The Real Reason Fans Are Upset About The Great Food Truck Race: Alaska

First there was food TV, which started out as rather staid public television cooking demos from the likes of James Beard and Graham Kerr, although admittedly Julia Child could be quite personable. Several decades later, along came reality TV as we now know it, with early shows such as Survivor creating the by-now cliched genre of randomly-selected (yet oddly telegenic) citizens pitted against nature in all its cruelty with nothing but an off-camera production team to sustain them in their struggles.

At some point, cooking shows got into the competitive spirit, pitting would-be chefs against one another in harsh environments such as Hell's Kitchen where they'd face down a wrathful Ramsey — perhaps not as life-threatening as man-eating bears or sharks, but still pretty scary. A decade ago, up popped a new kind of hybrid food competition/reality show, one meant to capitalize on the "moment" meals on wheels were (and are) having: The Great Food Truck Race

While not a race per se, host Tyler Florence (via The New York Times) described it as "Cannonball Run with food trucks." The most recent season, however, has the crews setting up in a location many feel is too inhospitable to make for a fair food fight: the frozen tundra. As one Redditor posted in a thread about The Great Food Truck Race: Alaska, "I have no desire to watch people freeze to death. This isn't Survivor, or even Cutthroat Kitchen. I don't want to watch teams battle the elements."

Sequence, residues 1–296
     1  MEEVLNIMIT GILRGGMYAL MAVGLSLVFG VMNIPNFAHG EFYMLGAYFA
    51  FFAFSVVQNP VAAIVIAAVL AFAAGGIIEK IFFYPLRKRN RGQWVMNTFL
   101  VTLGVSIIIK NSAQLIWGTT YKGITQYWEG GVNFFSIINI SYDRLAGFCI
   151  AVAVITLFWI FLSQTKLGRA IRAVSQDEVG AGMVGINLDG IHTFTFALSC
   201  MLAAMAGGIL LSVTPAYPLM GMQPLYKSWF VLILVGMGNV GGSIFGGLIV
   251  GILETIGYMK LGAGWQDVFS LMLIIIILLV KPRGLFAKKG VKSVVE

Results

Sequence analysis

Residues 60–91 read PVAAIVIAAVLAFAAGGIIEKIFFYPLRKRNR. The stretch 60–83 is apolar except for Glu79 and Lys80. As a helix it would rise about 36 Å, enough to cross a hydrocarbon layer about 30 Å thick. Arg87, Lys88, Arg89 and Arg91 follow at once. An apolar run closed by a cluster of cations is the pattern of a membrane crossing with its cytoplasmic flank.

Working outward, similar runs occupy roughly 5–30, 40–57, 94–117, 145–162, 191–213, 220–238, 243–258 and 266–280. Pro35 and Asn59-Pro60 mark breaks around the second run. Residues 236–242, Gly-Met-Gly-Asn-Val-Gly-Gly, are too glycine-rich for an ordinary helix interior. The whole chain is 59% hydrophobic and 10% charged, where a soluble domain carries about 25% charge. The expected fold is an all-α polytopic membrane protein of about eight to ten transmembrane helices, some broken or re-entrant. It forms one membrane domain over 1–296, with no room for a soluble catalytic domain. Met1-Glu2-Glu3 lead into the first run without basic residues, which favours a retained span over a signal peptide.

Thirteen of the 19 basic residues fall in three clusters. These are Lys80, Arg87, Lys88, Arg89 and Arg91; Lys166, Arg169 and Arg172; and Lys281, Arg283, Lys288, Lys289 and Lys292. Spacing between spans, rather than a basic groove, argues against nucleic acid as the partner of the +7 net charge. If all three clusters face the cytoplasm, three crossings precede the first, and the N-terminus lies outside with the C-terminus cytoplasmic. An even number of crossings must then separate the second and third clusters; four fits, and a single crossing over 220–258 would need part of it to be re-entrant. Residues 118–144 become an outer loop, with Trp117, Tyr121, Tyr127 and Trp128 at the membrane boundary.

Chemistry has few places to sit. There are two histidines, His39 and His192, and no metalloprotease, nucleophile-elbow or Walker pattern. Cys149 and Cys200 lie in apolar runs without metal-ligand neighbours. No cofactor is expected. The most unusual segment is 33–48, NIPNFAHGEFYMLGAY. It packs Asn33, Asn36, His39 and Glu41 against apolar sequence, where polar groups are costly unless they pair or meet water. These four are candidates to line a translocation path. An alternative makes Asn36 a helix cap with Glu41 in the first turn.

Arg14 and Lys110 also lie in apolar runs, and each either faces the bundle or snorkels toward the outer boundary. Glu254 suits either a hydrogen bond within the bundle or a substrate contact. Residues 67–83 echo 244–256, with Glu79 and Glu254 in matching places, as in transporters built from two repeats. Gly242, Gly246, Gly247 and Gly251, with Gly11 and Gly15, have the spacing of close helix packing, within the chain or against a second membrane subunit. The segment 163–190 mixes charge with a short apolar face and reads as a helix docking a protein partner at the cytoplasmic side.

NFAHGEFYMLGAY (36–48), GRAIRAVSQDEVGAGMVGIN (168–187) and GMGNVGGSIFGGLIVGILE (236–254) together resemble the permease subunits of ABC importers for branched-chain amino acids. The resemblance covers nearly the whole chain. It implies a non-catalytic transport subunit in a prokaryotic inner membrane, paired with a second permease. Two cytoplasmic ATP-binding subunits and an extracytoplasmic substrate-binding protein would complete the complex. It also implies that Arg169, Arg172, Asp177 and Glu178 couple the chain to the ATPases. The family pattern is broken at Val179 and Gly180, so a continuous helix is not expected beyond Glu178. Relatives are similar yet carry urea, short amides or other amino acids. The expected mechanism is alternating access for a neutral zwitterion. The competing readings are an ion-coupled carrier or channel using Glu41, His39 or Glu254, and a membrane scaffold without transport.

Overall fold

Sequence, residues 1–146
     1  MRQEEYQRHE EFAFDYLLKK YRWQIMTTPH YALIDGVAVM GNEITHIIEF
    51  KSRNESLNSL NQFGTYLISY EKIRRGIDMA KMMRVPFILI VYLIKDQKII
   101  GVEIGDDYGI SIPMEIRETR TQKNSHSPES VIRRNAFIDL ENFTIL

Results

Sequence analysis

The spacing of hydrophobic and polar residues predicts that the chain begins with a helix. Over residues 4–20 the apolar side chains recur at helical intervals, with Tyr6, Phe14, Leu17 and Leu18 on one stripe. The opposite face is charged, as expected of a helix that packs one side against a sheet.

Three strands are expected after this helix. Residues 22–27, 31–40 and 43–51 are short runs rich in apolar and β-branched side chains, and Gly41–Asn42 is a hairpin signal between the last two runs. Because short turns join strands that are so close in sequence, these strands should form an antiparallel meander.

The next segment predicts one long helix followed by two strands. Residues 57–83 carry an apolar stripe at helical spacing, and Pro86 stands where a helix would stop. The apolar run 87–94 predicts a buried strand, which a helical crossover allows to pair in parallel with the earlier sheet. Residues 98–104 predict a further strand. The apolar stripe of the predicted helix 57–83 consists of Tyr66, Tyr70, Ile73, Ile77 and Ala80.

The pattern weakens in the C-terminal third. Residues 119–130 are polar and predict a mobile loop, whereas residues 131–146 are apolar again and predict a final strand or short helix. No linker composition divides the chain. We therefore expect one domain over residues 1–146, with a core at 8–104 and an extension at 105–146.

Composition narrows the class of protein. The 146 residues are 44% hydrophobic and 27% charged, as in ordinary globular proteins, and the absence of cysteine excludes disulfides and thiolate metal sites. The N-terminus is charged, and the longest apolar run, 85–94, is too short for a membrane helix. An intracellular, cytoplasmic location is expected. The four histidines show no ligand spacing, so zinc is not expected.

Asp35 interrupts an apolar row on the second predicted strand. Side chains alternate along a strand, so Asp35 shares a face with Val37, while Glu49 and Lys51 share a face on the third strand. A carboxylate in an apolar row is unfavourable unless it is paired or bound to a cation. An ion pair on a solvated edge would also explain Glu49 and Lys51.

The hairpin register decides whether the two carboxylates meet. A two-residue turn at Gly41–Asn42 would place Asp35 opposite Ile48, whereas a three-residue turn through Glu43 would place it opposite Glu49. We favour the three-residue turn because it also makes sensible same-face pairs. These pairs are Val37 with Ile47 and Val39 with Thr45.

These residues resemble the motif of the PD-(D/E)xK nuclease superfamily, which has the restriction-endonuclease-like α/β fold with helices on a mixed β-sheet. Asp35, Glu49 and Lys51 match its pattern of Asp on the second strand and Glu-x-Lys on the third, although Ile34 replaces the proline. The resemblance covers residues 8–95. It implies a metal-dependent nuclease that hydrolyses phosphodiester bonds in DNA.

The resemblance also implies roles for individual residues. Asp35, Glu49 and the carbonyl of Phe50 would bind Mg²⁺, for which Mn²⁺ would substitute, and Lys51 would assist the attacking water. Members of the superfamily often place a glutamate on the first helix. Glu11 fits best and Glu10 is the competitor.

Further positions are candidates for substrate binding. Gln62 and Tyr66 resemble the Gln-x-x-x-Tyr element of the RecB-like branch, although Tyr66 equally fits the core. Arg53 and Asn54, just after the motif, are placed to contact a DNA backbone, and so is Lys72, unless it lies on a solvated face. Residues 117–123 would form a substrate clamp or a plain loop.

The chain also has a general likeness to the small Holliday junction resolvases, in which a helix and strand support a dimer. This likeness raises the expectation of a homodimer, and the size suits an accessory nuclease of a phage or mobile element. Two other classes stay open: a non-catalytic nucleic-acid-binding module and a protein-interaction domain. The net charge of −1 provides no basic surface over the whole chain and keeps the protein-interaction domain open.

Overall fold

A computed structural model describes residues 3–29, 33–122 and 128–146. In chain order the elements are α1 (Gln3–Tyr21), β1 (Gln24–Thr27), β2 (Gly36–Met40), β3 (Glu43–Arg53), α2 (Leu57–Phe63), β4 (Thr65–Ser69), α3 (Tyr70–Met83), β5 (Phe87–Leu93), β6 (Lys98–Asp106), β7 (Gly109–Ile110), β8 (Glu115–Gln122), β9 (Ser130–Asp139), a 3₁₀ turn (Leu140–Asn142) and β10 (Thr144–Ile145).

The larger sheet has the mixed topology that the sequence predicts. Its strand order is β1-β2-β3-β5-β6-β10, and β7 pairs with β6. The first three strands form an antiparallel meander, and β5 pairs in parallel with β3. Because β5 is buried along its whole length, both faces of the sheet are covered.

Many feel the show has gone too far this time

Nearly all of the commenters on that Reddit thread agreed with the original poster, with one saying, "I think they should all get a do-over," and expressing horror about one of the competitors getting a frostbitten ear. Some felt that the teams were also being "set up to fail," what with trucks that seemed to be constantly breaking down, not to mention the fact that the town they're set up in evidently has no more than 600 residents. How could this possibly be enough people to support all three food trucks, even for a single weekend? As one fan put it, "I pretty much like all the teams but even the best truck can't sell if there isn't customers."

There were a few people, however, who felt that the choice of a remote town in Alaska might be due to it being more "COVID-friendly" — the smaller the crowds and the less chance of virus transmission. One also felt that it might be "a way to even the playing field with social media," while adding that the Survivor feel may possibly be intentional, with the producers knowingly providing "poor quality or reusing old trucks not fit for the elements." Well, we wish the competitors all the best with their ordeal. Whoever comes out on top this time around has well and truly earned that win!